Photographs: Jessica Colley

Stroll through the streets of the colonial city of Cartagena, Colombia, and you'll see locals wiping watermelon juice off their chins, slurping down slices of mangoes, and popping small, round exotic fruits like candy and sucking on the pits. Even kids drain cups of freshly squeezed juice with the fervor normally associated with ice cream.

The heat and sun and air in Cartagena brings on a particular thirst. Not just for water or beer or mojitos; but for something rich in color, satisfying in texture, and with a surprising punch of flavor.


When a Colombian friend heard I was traveling to Cartagena, his enthusiastic reply was a list of unfamiliar words: uchuva, lulo, guanabana. These are the exotic fruits of Cartagena, the bright pop of color in already color-saturated streets, where vendors sell everything from pre-cut ready-to-eat fruit to tiny, flavor-packed mini bananas. The stands are community centers, with locals sauntering between tables to see who has the ripest mangoes or the best price on limes.

Produce this bold in color seemed to inspire a friendly competition between the stands. To draw the eye, some vendors chose to stock their stand entirely in one color, allowing different hues of red or densely packed green to lure in the customers. One stand focused on red fruits had mangoes piled high with fire-engine red skins. When I asked about the mangoes, the vendor blushed, hesitating before revealing that the mangoes are called "gringo cheeks," in reference to the often-sunburned visitors exploring the streets of Cartagena.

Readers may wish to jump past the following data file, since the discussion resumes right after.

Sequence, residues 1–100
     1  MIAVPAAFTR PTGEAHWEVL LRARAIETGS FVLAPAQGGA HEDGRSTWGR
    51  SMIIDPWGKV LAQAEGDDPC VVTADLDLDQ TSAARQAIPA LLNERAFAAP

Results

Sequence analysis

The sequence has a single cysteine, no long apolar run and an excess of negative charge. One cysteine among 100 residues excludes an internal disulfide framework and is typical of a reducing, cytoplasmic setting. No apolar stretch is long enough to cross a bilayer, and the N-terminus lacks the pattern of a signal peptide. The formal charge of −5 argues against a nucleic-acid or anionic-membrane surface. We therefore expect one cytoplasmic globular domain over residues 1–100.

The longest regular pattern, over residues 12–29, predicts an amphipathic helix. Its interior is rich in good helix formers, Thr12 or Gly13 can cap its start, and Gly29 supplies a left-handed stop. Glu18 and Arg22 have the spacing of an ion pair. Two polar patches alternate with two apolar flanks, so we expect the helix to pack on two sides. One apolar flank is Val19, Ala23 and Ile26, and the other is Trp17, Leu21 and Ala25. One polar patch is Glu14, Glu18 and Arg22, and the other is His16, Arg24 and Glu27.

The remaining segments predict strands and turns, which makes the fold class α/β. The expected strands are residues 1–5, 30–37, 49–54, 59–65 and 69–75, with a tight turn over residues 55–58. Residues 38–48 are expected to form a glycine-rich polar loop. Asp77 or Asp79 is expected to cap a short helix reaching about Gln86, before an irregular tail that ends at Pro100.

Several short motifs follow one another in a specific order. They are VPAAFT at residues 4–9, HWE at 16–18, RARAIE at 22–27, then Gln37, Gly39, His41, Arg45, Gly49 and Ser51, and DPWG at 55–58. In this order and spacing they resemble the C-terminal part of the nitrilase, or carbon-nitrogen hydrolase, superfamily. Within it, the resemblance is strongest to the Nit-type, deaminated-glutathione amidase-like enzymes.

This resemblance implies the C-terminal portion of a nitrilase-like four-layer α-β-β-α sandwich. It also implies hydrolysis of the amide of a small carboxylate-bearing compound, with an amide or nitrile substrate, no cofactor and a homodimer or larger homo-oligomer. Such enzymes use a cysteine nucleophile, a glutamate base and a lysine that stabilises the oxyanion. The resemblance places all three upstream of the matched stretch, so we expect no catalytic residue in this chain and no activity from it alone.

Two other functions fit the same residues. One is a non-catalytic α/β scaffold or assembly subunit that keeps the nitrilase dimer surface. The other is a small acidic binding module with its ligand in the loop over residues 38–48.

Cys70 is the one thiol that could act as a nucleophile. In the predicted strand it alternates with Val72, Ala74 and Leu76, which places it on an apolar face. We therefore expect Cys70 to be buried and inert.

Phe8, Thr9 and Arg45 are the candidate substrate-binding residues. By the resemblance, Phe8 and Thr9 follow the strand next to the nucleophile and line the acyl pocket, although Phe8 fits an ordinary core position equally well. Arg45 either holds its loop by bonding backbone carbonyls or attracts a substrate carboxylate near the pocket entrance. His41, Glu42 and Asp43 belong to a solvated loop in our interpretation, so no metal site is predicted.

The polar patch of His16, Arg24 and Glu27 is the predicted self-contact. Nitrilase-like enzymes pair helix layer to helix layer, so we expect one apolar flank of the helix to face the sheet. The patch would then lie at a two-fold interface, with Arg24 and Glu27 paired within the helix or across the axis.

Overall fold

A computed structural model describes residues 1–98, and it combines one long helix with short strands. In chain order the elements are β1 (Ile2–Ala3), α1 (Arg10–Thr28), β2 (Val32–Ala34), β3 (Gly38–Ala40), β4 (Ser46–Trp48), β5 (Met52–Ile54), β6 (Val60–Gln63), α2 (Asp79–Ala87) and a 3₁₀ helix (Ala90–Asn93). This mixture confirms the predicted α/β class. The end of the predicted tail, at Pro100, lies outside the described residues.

I started my days with a tall glass of lulo juice—a citrusy fruit, sometimes described as a combination of lime and rhubarb—and began my nights with mojitos spiked with the tartness of uchuva, a small yellow fruit related to the tomatillo. I began to look for ripe uchuva as an afternoon snack, mimicking the local children and popping them in my mouth like candy. I began to learn that fruits that look scary on the outside often have serious rewards within. Guanabana resembles a thorny apple or pear, but its white, creamy interior contained unexpected hints of strawberry, pineapple, and even coconut.

The fruit in Cartagena evokes childhood-like wonder in even the skeptical traveler. To pick up a ripe piece of fruit, smell it, feel its weight, break open its skin, and have no idea what lay inside was a delicious discovery each time.

About the author: Freelance writer Jessica Colley loves to be hands on with food, whether it's picking olives in Greece or cooking in her New York City kitchen. Follow her on Twitter @jessicacolley.


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